You have to promise not to laugh when I tell you this, about how many years this corned beef recipe was in the making. I’d always wanted to make corned beef from scratch, but I have a tendency to forget about St. Paddy’s day until the day of, despite all the leprechauns and clovers sprouting up in every store. So given the grueling three-day rigamarole that’s normally involved in making corned beef, I missed out year after year.
And then I got really into my pressure cooker. One night, I was experimenting with pressure cooking spare ribs in the marinade I’d normally soak them in to see if the flavors permeated the meat (they did), and I thought … “hmmmm, I wonder if this would work for corned beef too …” So I jotted down a note to give it a try the following March.
Did I remember? No.
But I did the next year. The light bulb went off, and I got all excited and scurried off to the store on St. Patrick’s Day to buy myself a beef brisket. I enthusiastically rattled off to my butcher what I planned to do with the brisket, and he nodded knowingly and handed me a shrink-wrapped piece of meat. I eyed it suspiciously. “This is a brisket?” I asked. “Are you sure?” He nodded that same knowing nod. “Yep. That’s what you want.” So I went home, put my little experiment into action and pulled the meat out less than two hours later. It was succulent, it was flavorful … it was like sucking on a salt lick. He’d sold me a pre-brined brisket. So I missed out that year too.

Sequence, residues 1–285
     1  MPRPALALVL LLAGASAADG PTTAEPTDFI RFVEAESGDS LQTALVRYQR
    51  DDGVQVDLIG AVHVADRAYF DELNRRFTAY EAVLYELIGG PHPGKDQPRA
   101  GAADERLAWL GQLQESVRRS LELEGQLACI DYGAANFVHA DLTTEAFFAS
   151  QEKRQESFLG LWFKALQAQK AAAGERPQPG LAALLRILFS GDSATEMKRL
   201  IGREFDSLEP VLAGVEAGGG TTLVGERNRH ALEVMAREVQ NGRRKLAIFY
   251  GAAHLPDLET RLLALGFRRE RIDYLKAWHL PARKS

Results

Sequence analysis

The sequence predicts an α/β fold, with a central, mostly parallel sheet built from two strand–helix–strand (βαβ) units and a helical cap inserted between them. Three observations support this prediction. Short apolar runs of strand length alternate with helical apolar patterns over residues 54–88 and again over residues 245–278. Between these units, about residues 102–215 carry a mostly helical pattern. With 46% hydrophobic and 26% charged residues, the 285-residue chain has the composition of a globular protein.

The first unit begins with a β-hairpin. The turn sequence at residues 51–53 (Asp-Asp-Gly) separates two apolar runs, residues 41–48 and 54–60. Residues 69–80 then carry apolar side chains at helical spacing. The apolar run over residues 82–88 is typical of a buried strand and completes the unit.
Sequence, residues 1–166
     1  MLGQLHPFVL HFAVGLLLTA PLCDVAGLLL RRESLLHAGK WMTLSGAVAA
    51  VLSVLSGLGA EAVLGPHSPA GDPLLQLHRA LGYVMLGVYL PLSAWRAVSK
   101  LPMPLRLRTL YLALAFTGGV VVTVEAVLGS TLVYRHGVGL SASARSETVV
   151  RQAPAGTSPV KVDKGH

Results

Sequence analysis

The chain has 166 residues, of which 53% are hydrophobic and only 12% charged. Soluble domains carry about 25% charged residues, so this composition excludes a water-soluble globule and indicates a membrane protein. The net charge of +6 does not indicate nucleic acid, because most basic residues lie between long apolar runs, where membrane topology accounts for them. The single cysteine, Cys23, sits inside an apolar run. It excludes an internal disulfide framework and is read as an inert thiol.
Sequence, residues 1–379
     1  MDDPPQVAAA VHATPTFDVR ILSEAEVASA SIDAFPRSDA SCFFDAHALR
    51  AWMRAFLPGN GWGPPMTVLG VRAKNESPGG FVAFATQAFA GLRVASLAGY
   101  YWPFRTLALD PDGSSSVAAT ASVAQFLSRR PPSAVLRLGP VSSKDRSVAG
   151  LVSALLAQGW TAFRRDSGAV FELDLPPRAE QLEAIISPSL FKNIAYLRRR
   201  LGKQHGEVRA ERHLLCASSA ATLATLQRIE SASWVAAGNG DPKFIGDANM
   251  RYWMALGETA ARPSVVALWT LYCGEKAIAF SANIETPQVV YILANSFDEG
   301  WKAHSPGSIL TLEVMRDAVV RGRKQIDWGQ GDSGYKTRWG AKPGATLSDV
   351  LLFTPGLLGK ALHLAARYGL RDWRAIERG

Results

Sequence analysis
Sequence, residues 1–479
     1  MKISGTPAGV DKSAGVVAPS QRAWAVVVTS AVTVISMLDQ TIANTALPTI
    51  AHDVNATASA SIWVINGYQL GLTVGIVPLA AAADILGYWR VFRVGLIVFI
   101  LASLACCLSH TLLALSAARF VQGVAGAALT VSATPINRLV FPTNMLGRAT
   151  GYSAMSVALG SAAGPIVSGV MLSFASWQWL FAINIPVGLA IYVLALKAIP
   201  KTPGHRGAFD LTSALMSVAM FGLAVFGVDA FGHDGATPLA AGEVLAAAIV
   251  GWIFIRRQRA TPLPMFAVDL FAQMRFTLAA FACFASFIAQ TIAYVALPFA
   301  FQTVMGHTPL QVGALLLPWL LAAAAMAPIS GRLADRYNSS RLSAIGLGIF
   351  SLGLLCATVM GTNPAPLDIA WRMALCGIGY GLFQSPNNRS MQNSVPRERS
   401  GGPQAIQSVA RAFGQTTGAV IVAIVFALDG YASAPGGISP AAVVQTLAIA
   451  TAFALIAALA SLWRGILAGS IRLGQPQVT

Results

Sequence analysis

Absolutely determined to get the bottom of my “hypothesis” (6-year old Noemi is throwing that word around a lot lately, with a science fair coming up), I marched back to that butcher the next day and made him sell me a straight-up, unadulterated brisket wrapped in good-ole butcher paper. And guess what? My little experiment turned out splendidly. Now, umpteen years later, I can finally state that you can forget St. Patrick’s Day until the day of and still have your corned beef too.